WordPress Data: Putting it all together and registering your store!

This entry is part 11 of 15 in the series, A Practical Overview of the @wordpress/data API

To recap: so far in the series we’ve looked at the various properties of the configuration object for a store:

  • selectors: which interface with the store for retrieving data from its state.
  • actions: (actually action creators) which are used to dispatch action objects for handling by the reducer.
  • reducer: which receives dispatched actions and determines what happens to the state as a result.
  • controls: allowing for asynchronous side-effects on action generators or resolvers.
  • resolvers: linked to selectors, resolvers allow for automatically resolving data for the initial slice of state the selector is retrieving for.

This post will be short and sweet as we simply look how we can take all this and register the custom store!

At the beginning of the series is a post that gave an example for registering a custom store. In that post is an example for how to register the store. Why don’t you take a few minutes and go back and view that example and using it as a reference, update the example app you’re converting to use a custom store so that you register the store with all the properties you’ve created in this series.

Done? Great! Let’s compare. Here’s what I came up with – in src/data/products/index.js I have the following:

import * as selectors from "./selectors";
import * as actions from "./actions";
import reducer from "./reducer";
import * as resolvers from "./resolvers";
import { controls as wpControls } from "@wordpress/data-controls";
import localControls from "../controls";

export { default as STORE_KEY } from "./constants";
export const STORE_CONFIG = {
  controls: { ...wpControls, ...localControls }

And then in src/data/index.js I have the following:

import {
  STORE_CONFIG as productsConfig
} from "./products";
import { registerStore } from "@wordpress/data";

registerStore(PRODUCTS_STORE_KEY, productsConfig);


You might have something similar, but instead have it all in one file. The only reason why I’ve broken this up into two files is because eventually I’m probably going to add a store for the cart. So this allows for keeping the configuration for the stores separate and then pulling them in for the actual registration.

I do want to draw attention to how I’m exporting the store key (eventually as PRODUCTS_STORE_KEY) from the main entrypoint. Why would you want to do this? There are a couple reasons:

The first reason is to guard against human error with typos etc when interfacing with the store in code that consumes it. We haven’t got to this yet, but anywhere you use a wp.data interface for retrieving data from a store, you need to use the store key to interact with the correct store. Here’s a quick example to illustrate:

import { useSelect } from '@wordpress/data';

export const MyComponent = () => {
    const item = useSelect( ( select ) => select( 'my/store' ).getItem() );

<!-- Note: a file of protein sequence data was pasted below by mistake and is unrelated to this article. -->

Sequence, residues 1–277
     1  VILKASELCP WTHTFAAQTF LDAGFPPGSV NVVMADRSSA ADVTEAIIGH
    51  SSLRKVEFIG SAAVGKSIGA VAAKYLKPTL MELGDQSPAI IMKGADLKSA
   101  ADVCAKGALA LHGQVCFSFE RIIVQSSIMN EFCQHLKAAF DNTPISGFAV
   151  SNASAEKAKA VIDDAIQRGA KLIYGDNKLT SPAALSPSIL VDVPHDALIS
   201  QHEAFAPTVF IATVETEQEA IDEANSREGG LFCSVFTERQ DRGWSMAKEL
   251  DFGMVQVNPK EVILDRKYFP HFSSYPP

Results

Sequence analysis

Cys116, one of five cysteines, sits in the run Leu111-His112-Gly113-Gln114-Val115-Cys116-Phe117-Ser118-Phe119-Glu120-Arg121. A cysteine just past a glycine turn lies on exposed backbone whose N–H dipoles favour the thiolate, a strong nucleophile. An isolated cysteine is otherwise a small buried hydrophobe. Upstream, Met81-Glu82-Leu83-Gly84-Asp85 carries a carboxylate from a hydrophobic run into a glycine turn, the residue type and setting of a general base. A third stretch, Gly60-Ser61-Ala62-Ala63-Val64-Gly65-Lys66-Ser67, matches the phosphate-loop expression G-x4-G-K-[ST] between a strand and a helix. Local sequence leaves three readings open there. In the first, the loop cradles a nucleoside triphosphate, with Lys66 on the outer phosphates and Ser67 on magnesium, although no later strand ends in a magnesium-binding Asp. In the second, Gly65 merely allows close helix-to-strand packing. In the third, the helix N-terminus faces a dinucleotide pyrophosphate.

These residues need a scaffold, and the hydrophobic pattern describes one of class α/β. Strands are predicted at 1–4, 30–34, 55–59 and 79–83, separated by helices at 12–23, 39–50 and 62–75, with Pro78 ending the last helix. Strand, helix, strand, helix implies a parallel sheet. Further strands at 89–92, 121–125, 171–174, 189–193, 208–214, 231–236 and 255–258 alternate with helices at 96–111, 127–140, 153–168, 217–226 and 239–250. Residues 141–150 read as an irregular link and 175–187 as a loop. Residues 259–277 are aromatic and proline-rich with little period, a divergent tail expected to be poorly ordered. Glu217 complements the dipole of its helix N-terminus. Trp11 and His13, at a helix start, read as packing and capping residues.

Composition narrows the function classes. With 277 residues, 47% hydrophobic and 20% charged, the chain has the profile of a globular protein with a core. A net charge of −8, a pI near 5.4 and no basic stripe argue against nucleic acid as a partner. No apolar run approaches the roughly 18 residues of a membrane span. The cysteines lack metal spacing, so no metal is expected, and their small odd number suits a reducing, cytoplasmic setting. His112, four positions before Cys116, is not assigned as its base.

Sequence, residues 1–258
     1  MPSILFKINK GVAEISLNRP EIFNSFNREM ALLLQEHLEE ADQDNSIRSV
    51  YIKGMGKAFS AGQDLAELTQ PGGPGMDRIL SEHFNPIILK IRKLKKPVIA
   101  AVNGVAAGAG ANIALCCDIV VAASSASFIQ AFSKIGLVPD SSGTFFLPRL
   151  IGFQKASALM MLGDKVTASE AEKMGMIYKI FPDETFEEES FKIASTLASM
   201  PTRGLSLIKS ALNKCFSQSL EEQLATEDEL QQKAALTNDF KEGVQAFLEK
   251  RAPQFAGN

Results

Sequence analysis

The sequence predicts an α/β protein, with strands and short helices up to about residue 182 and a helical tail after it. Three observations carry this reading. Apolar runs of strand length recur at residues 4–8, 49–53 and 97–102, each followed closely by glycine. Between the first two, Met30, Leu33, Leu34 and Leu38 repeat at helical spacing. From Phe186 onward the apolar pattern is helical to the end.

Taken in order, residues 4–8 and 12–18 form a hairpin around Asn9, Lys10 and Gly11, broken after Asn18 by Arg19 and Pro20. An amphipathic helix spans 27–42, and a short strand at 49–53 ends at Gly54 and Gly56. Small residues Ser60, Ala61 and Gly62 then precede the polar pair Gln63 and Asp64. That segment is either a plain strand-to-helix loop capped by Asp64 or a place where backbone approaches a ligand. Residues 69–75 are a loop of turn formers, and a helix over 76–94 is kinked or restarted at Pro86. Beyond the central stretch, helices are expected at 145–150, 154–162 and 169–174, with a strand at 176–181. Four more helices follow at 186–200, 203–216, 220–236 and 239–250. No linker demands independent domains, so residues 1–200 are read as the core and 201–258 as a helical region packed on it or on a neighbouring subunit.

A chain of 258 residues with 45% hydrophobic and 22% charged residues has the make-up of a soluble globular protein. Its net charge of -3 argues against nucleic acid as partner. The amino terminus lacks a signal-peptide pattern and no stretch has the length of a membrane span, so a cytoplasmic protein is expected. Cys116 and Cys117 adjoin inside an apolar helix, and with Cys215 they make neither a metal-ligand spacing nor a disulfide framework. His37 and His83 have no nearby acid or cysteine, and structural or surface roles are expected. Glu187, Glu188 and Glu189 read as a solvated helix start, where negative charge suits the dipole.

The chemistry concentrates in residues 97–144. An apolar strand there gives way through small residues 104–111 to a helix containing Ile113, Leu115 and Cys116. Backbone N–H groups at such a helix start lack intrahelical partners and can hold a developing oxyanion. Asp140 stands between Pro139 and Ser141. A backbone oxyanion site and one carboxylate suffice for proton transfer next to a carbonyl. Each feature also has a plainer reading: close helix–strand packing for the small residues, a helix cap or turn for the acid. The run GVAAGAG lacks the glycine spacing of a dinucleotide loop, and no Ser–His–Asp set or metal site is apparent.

return <div>{ item }</div>;

Remembering what the string you used for a store key can be a pain and there is the risk of making a typo with my/store. Whereas if you are using constants:

import { MY_STORE_KEY } from '../data/my-data';
import { useSelect } from '@wordpress/data';

export const MyComponent = () => {
    const item = useSelect( ( select ) => select( MY_STORE_KEY ).getItem() );
    return <div>{ item }</div>;

Not only do you not have to remember the string but most IDE’s will also auto-complete for you so it makes it even easier.

The second reason for exporting your store key on a named constant is for when you are using wp.data in a WordPress environment and thus enqueuing your scripts php side.

If you are using the @wordpress/scripts package for building your javascript, it will be using the @wordpress/dependency-extraction-webpack-plugin to automatically detect wp global dependencies wherever you are importing from @wordpress/* packages. You can also configure this webpack plugin to export other custom dependencies (such as aliased packages as externals) and you may have your registered data store exported to it’s own bundle.

For example, in some projects I have done, I alias my data store registration to it’s own bundle so I only enqueue that specific store when it’s needed (let’s say @myplugin/data ), then I configure the dependency-extraction plugin so that it correctly detects @myplugin/data is a dependency built to a script that will be loaded on the script handle my-plugin-data. That’s all fine and dandy, but if I’m using my custom store like this:

import { useSelect } from '@wordpress/data';

export const MyComponent = () => {
    const item = useSelect( ( select ) => select( 'mystore/data' ).getItem() );
    return <div>{ item }</div>;

…I’ll get an error with getItem() not being defined because mystore/datahas not been registered (unless I explicitly remember to enqueue my script with my store registration bundle as a dependency instead of relying on the dependencies extracted by the webpack plugin).

However, if I do this:

import { MY_STORE_KEY } from '@myplugin/data';
import { useSelect } from '@wordpress/data';

export const MyComponent = () => {
    const item = useSelect( ( select ) => select( MY_STORE_KEY ).getItem() );
    return <div>{ item }</div>;

Then the webpack dependency extraction plugin will correctly pick up that this script has a dependency on @myplugin/data and thus provide it’s associated script handle for the generated dependency array.

Now that you have code in place to register your custom store, it’s time to start looking at how to interface with that store in your components. We’ll get to that in the next post.

Series NavigationWordPress Data Store Properties: ReducerWordPress Data: Interfacing With the Store

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WordPress Data Store Properties: Controls

WordPress Data Store Properties: Controls